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COVID-19 CORONAVIRUS

How do I get more information and updates?

Call the COVID-19 Hotline: 0800 029 999
Send “hi” on WhatsApp to COVID-19 Connect: 060 012 3456
Visit the website www.sacoronavirus.co.za

Is there anything I should not do?

The following measures ARE NOT effective against COVID-2019 and can be harmful:

  • smoking
  • taking traditional herbal remedies
  • wearing multiple masks
  • taking self-medication such as antibiotics

In any case, if you have fever, cough and difficulty breathing seek medical care early to reduce the risk of developing a more severe infection and be sure to share your recent travel history with your healthcare provider.

Is it safe to receive a package from any area where COVID-19 has been reported?

Yes. The likelihood of an infected person contaminating commercial goods is low and the risk of catching the virus that causes COVID-19 from a package that has been moved, travelled, and exposed to different conditions and temperature is also low.

How long does the virus survive on surfaces?

It is not certain how long the virus that causes COVID-19 survives on surfaces, but it seems to behave like other coronaviruses. Studies suggest that coronaviruses (including preliminary information on the COVID-19 virus) may persist on surfaces for a few hours or up to several days. This may vary under different conditions (e.g. type of surface, temperature or humidity of the environment).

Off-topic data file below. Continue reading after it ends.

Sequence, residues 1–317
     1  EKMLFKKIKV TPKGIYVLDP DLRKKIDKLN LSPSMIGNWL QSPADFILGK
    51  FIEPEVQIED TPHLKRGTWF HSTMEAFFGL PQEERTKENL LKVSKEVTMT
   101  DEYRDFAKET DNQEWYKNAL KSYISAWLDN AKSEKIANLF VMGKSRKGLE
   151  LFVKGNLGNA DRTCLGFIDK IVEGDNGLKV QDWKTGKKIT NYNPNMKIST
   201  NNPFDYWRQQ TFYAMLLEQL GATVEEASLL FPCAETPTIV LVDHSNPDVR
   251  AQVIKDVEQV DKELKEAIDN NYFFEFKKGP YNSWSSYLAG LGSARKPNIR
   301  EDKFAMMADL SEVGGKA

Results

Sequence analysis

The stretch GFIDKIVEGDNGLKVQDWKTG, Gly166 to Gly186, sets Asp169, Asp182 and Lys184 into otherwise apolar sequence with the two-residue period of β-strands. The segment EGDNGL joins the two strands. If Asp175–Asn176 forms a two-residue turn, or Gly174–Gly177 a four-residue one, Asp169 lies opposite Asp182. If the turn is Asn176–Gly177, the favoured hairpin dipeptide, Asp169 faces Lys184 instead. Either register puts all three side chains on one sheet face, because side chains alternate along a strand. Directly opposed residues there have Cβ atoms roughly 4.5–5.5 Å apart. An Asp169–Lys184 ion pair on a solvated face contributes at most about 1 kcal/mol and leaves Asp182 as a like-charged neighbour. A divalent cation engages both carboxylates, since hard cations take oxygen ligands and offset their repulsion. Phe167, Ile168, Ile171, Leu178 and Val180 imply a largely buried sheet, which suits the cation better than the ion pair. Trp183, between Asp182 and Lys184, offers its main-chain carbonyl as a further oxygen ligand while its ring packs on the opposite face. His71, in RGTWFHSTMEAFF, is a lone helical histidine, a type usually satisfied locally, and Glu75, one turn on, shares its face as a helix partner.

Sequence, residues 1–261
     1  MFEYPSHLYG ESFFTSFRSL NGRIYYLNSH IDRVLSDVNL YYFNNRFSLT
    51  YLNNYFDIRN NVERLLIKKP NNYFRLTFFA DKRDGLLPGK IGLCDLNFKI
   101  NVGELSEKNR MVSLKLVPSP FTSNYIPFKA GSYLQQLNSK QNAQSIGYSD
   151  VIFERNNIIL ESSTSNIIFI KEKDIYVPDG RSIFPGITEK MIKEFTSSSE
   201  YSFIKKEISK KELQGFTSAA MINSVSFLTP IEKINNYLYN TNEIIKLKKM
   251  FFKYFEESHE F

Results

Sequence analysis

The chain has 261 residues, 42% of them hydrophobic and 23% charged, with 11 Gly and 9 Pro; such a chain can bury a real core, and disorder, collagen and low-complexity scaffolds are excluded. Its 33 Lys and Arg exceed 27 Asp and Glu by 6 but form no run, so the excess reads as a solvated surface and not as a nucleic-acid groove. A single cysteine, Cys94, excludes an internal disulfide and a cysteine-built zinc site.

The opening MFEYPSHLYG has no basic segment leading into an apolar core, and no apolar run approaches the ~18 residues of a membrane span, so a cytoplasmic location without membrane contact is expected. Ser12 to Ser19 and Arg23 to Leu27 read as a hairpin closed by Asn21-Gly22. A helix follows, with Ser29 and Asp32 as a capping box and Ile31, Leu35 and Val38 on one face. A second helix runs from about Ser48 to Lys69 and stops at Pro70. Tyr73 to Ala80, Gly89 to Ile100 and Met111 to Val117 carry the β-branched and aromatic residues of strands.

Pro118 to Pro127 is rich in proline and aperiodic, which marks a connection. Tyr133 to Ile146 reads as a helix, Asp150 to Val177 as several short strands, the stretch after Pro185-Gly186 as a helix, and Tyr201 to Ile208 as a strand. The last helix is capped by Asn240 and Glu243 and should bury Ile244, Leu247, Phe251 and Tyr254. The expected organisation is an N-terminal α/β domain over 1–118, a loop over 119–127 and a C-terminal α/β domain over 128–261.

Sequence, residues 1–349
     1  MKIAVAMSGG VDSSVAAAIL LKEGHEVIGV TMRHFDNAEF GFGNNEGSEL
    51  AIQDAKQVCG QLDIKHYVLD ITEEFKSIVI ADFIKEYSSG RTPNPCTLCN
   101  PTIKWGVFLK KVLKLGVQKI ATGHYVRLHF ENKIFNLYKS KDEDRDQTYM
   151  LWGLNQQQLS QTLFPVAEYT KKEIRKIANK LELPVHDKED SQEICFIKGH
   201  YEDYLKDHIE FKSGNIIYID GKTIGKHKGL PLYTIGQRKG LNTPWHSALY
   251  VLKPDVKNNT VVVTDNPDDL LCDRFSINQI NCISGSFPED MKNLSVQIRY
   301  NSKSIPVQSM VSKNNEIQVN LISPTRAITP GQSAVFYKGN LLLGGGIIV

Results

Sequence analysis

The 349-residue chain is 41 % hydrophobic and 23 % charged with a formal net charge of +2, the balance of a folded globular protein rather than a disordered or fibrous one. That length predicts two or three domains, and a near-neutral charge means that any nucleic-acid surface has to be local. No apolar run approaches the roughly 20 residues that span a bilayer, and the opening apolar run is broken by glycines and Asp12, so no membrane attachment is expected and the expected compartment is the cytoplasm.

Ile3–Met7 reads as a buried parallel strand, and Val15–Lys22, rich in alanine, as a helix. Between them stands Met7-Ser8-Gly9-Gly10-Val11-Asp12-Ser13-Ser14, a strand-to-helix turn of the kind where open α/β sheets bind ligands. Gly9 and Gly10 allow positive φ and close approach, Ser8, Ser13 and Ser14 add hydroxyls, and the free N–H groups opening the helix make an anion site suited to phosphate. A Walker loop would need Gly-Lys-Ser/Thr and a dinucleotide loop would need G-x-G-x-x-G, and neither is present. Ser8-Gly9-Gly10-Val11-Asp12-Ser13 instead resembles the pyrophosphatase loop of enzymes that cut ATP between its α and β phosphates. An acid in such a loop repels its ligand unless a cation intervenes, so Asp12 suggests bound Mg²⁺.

How long is the incubation period for COVID-19?

The “incubation period” means the time between catching the virus and beginning to have symptoms of the disease. Most estimates of the incubation period for COVID-19 range from 1-14 days, most commonly around five days.

Should I wear a mask to protect myself?

People with no respiratory symptoms, such as cough, do not need to wear a mask. The WHO recommends the use of masks for people who have symptoms of COVID-19 and for those caring for individuals who have symptoms, such as cough and fever. The use of masks is crucial for health workers and people who are taking care of someone (at home or in a healthcare facility).

Is there a vaccine, drug or treatment for COVID-19?

Not yet. To date, there is no vaccine and no specific antiviral medicine to prevent or treat COVID-2019. However, those affected should receive care to relieve symptoms. People with serious illness should be hospitalised. Most patients recover thanks to supportive care.

Possible vaccines and some specific drug treatments are under investigation. They are being tested through clinical trials. The World Health Organization (WHO) is coordinating efforts to develop vaccines and medicines to prevent and treat COVID-19.

Are antibiotics effective in preventing or treating the COVID-19?

No. Antibiotics do not work against viruses, they only work on bacterial infections. COVID-19 is caused by a virus, so antibiotics do not work. Antibiotics should not be used as a means of prevention or treatment of COVID-19. They should only be used as directed by a physician to treat a bacterial infection.

Who is at risk of developing severe illness?

While we are still learning about how COVID-2019 affects people, older persons and persons with pre-existing medical conditions (such as high blood pressure, heart disease, or diabetes) appear to develop serious illness more often than others.

Should I worry about COVID-19?

If you are not in an area where COVID-19 is spreading, or if you have not travelled from one of those areas or have not been in close contact with someone who has and is feeling unwell, your chances of getting it are currently low. However, it is understandable that you may feel stressed and anxious about the situation. It is a good idea to get the facts to help you accurately determine your risks so that you can take reasonable precautions.

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